Taiji (Tai chi) is an ancient system of exercise that was developed in China in the 12th century CE. It was originally developed for self-defense and martial arts, but eventually grew into a health, wellness and spiritual practice.
Taiji (sometimes called taiji quan or taiji quan) is considered a mind-body exercise. The mind reflects a person’s thoughts, emotions, attitudes, and beliefs, while the body is a reflection of our physical health. The breath represents the spirit that links the two. Taiji impacts all of these aspects of a person.
Breath, movement, and awareness work together. As you move your body through the physical motions (or positions) of taiji, you are asked to relax and breathe deeply and naturally, as well as focus your attention.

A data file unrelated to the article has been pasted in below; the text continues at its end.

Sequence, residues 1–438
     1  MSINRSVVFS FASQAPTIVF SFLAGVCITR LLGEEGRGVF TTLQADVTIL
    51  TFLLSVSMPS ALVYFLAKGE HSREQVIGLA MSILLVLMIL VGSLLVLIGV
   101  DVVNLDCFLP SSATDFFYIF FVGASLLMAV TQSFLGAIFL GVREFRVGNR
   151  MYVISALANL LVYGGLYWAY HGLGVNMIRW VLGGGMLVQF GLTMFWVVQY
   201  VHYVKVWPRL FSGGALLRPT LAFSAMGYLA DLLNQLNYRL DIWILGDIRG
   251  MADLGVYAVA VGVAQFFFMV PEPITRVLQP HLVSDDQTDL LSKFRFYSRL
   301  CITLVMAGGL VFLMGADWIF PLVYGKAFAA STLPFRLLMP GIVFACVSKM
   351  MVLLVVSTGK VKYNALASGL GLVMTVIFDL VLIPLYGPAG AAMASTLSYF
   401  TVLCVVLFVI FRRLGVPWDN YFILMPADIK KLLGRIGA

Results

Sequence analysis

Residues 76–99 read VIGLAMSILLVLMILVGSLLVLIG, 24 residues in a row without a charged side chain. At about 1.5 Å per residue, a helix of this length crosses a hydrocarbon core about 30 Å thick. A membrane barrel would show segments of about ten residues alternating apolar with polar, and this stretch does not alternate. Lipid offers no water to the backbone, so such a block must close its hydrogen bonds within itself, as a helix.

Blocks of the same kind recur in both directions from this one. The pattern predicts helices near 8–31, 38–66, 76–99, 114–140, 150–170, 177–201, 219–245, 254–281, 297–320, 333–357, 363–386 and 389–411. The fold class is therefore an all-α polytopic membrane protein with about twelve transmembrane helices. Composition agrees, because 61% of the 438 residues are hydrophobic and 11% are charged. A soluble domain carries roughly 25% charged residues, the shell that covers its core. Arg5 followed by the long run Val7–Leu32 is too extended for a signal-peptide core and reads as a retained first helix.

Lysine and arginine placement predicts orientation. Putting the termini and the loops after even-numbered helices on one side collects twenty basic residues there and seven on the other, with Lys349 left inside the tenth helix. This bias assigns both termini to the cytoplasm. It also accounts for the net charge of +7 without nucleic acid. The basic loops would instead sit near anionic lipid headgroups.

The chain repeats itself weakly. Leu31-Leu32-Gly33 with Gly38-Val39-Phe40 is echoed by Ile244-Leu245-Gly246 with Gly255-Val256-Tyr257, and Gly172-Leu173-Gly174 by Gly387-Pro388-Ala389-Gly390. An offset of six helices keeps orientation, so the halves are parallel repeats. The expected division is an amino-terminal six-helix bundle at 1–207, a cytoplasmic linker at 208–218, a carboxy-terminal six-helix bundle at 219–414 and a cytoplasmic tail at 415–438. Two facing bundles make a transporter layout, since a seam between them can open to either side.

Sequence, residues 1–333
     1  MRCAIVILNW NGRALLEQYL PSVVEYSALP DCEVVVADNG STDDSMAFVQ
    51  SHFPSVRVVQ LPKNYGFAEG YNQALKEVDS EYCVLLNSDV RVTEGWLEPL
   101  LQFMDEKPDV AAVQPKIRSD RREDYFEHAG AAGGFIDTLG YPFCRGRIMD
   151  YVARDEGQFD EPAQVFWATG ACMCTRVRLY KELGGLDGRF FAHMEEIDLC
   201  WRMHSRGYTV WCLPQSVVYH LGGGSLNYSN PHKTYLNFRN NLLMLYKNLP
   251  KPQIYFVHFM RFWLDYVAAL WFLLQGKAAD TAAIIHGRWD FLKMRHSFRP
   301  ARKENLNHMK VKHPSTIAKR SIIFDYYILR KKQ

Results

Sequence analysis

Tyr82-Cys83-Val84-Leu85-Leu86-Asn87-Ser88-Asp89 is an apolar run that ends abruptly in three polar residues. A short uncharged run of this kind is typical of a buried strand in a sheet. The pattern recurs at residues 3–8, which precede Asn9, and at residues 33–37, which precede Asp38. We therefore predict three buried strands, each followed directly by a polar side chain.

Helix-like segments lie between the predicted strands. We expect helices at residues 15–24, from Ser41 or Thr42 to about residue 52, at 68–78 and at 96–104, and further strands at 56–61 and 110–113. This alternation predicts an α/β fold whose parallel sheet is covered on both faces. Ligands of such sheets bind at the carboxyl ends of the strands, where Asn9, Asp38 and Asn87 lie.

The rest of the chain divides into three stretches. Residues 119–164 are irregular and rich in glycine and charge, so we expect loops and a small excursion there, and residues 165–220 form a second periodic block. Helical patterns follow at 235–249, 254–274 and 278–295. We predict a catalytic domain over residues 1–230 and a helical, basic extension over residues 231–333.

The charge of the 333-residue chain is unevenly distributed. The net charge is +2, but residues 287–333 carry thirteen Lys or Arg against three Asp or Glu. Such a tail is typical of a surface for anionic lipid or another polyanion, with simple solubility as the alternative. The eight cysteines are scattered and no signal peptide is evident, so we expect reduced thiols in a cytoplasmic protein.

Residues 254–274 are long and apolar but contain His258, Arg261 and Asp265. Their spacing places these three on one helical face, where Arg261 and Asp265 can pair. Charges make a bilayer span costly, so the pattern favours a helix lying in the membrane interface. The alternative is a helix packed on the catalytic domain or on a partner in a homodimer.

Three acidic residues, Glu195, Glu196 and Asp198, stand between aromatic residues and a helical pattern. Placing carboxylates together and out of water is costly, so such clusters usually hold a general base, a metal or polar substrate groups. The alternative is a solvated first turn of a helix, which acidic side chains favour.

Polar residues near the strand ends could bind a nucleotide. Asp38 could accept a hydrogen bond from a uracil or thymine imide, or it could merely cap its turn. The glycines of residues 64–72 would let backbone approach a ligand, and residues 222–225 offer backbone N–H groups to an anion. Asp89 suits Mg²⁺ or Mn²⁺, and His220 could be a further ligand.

Therefore, taiji is sometimes called, “moving meditation.”
When breath, movement and awareness starts to synchronize through practice, a spiritual evolution begins to take root.
For those who wish to evolve, understanding the broad, deep and complex concept of “mind” becomes the focus of study.
It is the type of study that goes beyond intellectual learning and contemplation. It is learning through the experience of body movement, sensory engagement, and connection with other people.
One learns through consistent Taiji practice that the everyday mind (brain consciousness), no matter how quiet, how concentrated, how peaceful, how knowledgeable, can never understand the realm of the deeper “mind”.